"You did well," Pritchard says. He's not talking about finding Mallory. He's talking about the speech Anker gave a half-hour ago--a moving eulogy for his friend Alex Lowe, who died at 40 in an avalanche in the mountains of Tibet last month.

"Thanks," Anker mumbles. He is slim and solemn. He nearly died in the avalanche that killed Lowe and he moves with the grim air of a man in mourning.

In his eulogy, he told his fellow climbers that he was finished, that he'd never climb the big mountains again: "There are more important things for me to do than climb another high peak," he said.

Death in the Balance

The Alpine Club convention was a joyous affair, it really was.

For three days, more than 300 climbers gathered from across the country to see old friends they'd met on mountains all over the world. The beer and wine flowed freely, lubricating larynxes for the telling of tales, tall and otherwise, and there was a great deal of loud laughter. But of course the specter of death hung over everything. How could it not?

Climbing is a perilous sport, far more lethal than football or boxing or even auto racing. It might be more dangerous than bullfighting. The Alpine Club's most popular publication is an annual compendium called "Accidents in North American Mountaineering." There's a paragraph on every major accident and the book usually runs about 80 pages. The magazine Climbing, which prints glorious photographs of people scaling impossible cliffs, feels compelled to add a disclaimer: "Most of the activities depicted herein carry a significant risk of personal injury or death. . . ."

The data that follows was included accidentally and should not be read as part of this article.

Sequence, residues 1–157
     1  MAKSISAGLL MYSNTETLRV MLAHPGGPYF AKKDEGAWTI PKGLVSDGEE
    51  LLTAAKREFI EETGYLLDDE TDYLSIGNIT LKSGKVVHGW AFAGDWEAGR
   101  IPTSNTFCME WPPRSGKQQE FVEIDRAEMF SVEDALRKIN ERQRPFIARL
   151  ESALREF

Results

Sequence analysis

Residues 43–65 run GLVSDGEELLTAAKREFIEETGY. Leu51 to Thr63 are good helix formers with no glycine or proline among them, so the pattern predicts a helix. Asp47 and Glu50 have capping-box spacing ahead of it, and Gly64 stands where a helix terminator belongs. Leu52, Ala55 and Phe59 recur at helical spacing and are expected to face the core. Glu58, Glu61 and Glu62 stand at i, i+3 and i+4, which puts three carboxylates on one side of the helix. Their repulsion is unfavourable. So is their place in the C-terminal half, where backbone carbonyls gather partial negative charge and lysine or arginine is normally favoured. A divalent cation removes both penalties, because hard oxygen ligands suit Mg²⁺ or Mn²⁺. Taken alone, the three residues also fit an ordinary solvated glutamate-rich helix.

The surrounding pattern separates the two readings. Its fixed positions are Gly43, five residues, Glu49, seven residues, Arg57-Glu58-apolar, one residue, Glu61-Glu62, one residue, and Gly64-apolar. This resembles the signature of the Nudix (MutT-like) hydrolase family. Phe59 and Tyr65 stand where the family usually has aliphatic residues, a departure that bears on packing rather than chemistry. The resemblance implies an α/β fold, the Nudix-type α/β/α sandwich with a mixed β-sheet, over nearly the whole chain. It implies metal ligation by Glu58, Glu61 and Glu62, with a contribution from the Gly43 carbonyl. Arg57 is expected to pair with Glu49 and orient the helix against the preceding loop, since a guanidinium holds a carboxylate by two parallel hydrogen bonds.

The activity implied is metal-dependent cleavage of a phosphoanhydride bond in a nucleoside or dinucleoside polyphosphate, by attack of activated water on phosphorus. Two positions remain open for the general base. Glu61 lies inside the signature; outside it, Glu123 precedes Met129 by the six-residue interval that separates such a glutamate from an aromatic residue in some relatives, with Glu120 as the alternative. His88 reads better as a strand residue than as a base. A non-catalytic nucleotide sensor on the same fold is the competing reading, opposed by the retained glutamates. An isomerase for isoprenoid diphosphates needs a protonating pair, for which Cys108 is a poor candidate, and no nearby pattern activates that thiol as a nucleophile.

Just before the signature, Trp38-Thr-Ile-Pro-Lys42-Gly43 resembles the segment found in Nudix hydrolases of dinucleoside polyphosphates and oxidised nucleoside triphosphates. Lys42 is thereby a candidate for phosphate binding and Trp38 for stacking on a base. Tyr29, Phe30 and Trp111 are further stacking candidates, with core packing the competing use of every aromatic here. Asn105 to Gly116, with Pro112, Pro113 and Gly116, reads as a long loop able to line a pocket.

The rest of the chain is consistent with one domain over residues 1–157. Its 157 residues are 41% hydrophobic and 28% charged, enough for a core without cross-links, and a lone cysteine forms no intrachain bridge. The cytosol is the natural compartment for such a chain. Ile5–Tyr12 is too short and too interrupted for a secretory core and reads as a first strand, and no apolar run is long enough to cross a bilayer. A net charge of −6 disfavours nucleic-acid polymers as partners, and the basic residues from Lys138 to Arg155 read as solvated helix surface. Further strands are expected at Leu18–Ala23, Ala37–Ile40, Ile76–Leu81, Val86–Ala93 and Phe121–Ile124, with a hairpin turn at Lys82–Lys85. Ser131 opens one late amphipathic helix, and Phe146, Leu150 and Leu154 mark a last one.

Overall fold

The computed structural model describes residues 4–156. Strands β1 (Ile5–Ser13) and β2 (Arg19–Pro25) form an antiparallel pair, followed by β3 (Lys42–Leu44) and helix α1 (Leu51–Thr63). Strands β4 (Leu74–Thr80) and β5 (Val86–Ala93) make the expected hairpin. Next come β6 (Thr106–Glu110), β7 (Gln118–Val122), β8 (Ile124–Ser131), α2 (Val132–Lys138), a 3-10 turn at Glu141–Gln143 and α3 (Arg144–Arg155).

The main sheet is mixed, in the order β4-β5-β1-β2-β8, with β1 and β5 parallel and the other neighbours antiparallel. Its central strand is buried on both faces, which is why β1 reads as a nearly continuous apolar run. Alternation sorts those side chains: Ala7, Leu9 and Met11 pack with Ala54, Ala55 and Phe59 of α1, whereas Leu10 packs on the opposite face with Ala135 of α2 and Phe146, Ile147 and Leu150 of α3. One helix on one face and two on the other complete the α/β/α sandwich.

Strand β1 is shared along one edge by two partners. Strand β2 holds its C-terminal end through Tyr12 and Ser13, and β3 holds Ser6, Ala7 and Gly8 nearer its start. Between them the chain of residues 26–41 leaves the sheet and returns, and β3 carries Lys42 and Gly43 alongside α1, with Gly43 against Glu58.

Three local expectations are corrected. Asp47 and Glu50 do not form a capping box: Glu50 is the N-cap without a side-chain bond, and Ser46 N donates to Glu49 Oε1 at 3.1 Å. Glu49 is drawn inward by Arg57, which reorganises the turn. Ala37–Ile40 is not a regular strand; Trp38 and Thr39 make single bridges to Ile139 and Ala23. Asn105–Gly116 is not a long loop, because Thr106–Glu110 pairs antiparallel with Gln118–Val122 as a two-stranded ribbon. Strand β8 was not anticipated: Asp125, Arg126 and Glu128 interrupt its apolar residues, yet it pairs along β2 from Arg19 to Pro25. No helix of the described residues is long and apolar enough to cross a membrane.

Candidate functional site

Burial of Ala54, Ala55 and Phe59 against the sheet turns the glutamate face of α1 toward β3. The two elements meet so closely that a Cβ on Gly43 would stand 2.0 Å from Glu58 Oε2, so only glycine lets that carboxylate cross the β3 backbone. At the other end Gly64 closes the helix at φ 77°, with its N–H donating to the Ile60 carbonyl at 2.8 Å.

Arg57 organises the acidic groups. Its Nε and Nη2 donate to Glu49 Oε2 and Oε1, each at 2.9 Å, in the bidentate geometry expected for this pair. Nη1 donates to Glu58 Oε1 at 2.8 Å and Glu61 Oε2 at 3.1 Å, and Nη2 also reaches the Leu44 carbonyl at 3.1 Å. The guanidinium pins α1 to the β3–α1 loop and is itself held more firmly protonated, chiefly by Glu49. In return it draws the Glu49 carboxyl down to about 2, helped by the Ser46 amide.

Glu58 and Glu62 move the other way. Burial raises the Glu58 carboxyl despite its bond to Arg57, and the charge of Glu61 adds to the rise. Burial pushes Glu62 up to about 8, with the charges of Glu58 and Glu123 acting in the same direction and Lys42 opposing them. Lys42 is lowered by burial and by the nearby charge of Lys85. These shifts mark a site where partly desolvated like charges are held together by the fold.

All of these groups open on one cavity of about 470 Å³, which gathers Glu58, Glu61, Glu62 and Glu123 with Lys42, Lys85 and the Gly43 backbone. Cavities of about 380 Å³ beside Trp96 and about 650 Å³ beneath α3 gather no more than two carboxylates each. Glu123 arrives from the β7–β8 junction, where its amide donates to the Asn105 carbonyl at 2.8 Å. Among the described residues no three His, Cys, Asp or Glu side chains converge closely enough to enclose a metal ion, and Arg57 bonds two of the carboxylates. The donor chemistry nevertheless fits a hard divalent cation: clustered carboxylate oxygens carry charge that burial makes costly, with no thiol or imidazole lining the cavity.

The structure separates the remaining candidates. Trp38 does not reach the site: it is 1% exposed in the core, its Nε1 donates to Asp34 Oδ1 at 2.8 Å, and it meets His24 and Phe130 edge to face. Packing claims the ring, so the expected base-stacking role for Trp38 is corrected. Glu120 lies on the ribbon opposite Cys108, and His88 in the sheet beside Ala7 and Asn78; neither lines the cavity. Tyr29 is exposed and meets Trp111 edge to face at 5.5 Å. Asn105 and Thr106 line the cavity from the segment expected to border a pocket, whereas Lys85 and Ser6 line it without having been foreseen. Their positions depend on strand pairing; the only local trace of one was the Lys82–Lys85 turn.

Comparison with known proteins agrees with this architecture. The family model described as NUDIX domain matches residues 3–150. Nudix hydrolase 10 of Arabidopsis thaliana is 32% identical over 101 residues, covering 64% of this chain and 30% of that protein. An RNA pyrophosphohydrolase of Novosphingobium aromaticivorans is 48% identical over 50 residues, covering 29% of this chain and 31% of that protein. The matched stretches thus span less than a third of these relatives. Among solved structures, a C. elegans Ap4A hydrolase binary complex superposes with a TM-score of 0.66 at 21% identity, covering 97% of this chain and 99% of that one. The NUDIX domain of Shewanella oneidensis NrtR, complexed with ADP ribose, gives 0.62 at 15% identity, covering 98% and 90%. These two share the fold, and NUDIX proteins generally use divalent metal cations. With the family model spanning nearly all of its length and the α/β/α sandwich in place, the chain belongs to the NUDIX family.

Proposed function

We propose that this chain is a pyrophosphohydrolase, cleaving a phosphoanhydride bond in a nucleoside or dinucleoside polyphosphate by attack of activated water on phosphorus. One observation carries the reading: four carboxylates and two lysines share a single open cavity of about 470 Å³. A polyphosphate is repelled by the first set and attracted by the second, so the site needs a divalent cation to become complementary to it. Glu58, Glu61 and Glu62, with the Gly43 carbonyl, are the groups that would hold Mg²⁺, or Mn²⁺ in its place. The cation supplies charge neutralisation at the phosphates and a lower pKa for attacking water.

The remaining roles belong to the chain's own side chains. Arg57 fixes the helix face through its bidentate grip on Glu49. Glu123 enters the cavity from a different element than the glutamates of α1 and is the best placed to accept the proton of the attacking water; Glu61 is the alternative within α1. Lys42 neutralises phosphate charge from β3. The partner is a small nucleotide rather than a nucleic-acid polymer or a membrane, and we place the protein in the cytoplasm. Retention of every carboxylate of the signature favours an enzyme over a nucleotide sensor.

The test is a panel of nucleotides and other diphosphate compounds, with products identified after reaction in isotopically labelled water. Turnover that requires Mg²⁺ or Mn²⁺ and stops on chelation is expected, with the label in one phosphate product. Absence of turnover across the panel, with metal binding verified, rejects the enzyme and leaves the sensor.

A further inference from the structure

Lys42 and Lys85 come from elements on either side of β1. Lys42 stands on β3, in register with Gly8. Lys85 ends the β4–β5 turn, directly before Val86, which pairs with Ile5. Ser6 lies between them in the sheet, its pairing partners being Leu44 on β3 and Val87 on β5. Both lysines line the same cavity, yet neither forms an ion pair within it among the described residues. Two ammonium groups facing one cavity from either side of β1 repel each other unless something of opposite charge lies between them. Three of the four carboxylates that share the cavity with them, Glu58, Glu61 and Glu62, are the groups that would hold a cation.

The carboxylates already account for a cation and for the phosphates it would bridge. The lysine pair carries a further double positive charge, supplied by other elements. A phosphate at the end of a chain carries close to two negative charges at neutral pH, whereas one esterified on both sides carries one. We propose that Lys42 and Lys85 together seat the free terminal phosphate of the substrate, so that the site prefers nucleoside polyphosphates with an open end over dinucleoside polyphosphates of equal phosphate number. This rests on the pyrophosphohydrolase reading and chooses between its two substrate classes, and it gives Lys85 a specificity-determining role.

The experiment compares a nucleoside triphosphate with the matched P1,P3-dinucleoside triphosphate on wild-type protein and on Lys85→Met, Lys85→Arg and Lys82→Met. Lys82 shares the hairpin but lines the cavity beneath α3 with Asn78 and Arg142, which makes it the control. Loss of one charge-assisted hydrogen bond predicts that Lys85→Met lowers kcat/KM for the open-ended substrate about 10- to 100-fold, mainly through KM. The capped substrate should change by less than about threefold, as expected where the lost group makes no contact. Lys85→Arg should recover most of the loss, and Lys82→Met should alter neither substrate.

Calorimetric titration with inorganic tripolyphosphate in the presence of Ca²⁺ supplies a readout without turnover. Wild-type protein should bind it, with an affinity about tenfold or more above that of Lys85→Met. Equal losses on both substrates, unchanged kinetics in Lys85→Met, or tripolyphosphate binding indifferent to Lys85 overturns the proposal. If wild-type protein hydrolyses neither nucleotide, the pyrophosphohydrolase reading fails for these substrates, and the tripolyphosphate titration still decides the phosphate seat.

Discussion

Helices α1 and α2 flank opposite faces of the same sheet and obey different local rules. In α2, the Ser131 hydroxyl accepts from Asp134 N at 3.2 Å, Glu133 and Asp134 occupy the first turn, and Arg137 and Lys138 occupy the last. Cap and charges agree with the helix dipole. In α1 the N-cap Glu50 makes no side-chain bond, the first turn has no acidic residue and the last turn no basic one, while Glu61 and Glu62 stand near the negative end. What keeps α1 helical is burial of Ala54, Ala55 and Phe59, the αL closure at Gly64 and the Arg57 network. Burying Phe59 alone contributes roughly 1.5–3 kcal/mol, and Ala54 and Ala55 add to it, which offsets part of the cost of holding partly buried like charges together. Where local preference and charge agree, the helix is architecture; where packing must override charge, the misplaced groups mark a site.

The disclaimer is there for novices. Veterans don't need it. Almost everybody at this convention knows somebody who died climbing. Pritchard says he lost count at about 20 dead friends.

So why do they do it? What possible thrill could be worth the terrible dangers?

"It's not a thrill--thrill is too shallow," says Abby Watkins, 30, an Australian-born computer software editor and one of the best female climbers in the world. "It's a very present sport. You are brought into the moment. You are so aware of where you are, of the air around you. And it takes you to some stunning locations--mind-blowing views you couldn't see otherwise."

"In our everything-provided-for world, it's one of the few things where everything depends on you," says Geoffrey Tabin, 43, an ophthalmologist from Burlington, Vt., who has climbed many of the world's tallest peaks, including Everest. "You feel alive. You find out what you as a person can do. You're pushing yourself to the limits to see what you can do. And you're sharing a very, very intense experience with other people. My closest friends--and my bride--are climbing friends."

But maybe the person who explained it best was the man who wasn't there--Alex Lowe. After Anker delivered his eulogy, he showed a short video, a collection of shots of Lowe--who was once described by Outside magazine as the "best climber in the world"--at play in his beloved mountains.